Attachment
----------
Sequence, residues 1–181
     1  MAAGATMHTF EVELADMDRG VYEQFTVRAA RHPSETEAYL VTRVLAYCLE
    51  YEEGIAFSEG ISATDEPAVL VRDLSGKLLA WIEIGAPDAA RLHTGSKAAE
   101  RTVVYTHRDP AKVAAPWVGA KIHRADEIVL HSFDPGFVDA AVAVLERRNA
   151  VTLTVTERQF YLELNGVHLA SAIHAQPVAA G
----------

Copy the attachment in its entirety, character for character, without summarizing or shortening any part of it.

Sequence, residues 1–181
     1  MAAGATMHTF EVELADMDRG VYEQFTVRAA RHPSETEAYL VTRVLAYCLE
    51  YEEGIAFSEG ISATDEPAVL VRDLSGKLLA WIEIGAPDAA RLHTGSKAAE
   101  RTVVYTHRDP AKVAAPWVGA KIHRADEIVL HSFDPGFVDA AVAVLERRNA
   151  VTLTVTERQF YLELNGVHLA SAIHAQPVAA G